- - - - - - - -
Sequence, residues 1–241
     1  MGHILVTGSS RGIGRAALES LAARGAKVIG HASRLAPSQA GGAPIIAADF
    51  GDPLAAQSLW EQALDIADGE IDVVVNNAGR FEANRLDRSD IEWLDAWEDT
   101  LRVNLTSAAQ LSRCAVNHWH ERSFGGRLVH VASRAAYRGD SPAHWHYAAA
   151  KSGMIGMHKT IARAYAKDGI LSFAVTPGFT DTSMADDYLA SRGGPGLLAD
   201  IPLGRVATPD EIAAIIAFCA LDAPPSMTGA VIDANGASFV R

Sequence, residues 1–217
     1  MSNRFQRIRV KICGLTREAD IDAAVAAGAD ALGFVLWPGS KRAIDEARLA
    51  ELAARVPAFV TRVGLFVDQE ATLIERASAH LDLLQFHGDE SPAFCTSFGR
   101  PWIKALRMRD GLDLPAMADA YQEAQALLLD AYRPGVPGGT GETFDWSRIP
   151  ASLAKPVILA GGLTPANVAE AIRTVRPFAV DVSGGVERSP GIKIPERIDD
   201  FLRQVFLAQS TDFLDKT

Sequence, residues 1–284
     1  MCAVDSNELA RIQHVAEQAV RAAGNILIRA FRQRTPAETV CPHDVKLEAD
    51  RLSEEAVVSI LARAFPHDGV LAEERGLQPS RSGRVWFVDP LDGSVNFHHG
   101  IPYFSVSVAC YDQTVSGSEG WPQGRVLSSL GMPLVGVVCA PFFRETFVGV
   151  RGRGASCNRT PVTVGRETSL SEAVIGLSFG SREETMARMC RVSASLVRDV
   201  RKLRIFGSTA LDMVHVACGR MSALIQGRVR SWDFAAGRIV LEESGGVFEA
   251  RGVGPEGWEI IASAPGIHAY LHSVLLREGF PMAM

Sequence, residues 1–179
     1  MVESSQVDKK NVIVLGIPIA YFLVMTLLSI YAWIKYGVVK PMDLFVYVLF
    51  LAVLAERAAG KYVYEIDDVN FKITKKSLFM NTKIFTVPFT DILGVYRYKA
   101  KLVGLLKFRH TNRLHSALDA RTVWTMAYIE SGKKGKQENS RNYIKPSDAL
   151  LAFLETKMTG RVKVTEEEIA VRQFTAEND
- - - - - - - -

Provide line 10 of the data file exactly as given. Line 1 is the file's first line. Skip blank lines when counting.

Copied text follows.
   101  PWIKALRMRD GLDLPAMADA YQEAQALLLD AYRPGVPGGT GETFDWSRIP